Nucleus accumbens in the brain play a central role in the risk-reward circuit. Their operation is based chiefly on three essential neurotransmitters: dopamine, which promotes desire; serotonin, whose effects include satiety and inhibition; and glutamate, which drives goal-directed behaviors and responses to reward-associated cues and contexts.
In a study using genetically modified mice, a University of Wyoming faculty member found that the nucleus accumbens recruited by cocaine use are largely distinct from nucleus accumbens recruited by sucrose, or table sugar. Because they are separate, this poses the possibility that drug use can be addressed without affecting biologically adaptive seeking of reward.
“We established that, in the nucleus accumbens, a key brain region of reward processing, the neuronal ensembles—a sparse network of neurons activated simultaneously—are reward-specific, and sucrose and cocaine ensembles are mostly nonoverlapping,” says Ana Clara Bobadilla, a UW assistant professor in the School of Pharmacy and in the WWAMI (Washington, Wyoming, Alaska, Montana and Idaho) Medical Education Program.
Bobadilla is lead author of a paper, titled “Cocaine and Sucrose Rewards Recruit Different Seeking Ensembles in the Nucleus Accumbens Core,” that was published in the Sept. 28 issue of Molecular Psychiatry. The journal publishes work aimed at elucidating biological mechanisms underlying psychiatric disorders and their treatment. The emphasis is on studies at the interface of pre-clinical and clinical research, including studies at the cellular, molecular, integrative, clinical, imaging and psychopharmacology levels.
Bobadilla conducted the research while completing her postdoctoral work at the Medical University of South Carolina. The project began in mid-2017. One contributor to the study is now working at the University of Colorado Anschutz Medical Campus.
Currently, the recruitment process within each reward-specific ensemble is unknown, she says. However, using molecular biology tools, Bobadilla was able to identify what type of cells was recruited in both the cocaine and sucrose ensemble.
These cells are known as GABAergic projection neurons, also called medium spiny neurons. They comprise 90 percent to 95 percent of the neuronal population with the nucleus accumbens. These medium spiny neurons express the dopamine D1 or D2 receptor.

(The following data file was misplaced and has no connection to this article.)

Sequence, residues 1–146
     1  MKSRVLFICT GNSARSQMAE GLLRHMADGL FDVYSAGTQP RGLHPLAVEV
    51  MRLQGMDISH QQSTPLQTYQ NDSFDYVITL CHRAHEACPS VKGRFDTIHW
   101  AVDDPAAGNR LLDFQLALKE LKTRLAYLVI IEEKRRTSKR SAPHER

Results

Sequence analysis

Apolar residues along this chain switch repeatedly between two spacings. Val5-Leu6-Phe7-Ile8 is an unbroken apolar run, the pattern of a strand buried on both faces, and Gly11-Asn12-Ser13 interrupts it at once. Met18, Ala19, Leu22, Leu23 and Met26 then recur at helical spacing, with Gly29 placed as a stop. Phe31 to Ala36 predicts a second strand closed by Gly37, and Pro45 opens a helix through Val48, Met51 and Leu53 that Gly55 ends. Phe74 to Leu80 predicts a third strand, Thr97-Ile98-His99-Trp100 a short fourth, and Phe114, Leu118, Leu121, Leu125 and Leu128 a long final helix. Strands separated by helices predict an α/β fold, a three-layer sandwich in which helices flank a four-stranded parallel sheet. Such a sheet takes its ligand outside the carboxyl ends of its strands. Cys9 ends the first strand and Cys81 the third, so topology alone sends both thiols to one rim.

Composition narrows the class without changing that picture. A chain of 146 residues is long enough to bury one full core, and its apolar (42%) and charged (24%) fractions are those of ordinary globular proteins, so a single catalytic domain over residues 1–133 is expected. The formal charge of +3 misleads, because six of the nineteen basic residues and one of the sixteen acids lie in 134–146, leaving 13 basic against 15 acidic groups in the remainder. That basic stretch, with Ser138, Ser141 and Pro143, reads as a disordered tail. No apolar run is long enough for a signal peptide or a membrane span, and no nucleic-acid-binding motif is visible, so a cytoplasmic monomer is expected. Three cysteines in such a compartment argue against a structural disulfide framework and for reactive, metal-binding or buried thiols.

The study determined the sucrose and cocaine ensembles recruited mostly D1 receptor expressing medium spiny neurons. These results are in line with the general understanding in the field that activation of the D1 pathway promotes reward seeking, while D2 pathway activation can lead to aversion or reduced seeking, Bobadilla says.
“In humans, drugs are rarely used in the vacuum. Most of us have complex lives including lots of sources of nondrug rewards, such as food, water, social interaction or sex,” Bobadilla explains. “Like drugs, these rewards drive and influence our behavior constantly. The dual cocaine and sucrose model used in this study allows us to characterize the cocaine-specific ensemble after the mice experienced sucrose, another type of competing reward.
“It is a more complex model, but one that is closer to what occurs in people suffering from substance use disorders, who fight competing rewards daily,” she adds.
Bobadilla is now focused on the question of how cells are recruited in ensembles. Additionally, she aims to address another fundamental question in addiction research: whether the same network-specific mechanisms underlie the seeking of all drug rewards.
“All drugs of abuse share high probability of relapse,” she says. “However, each class of addictive drug displays different acute pharmacology and synaptic plasticity. We are now investigating if reward-specific properties of ensembles can explain these differences.”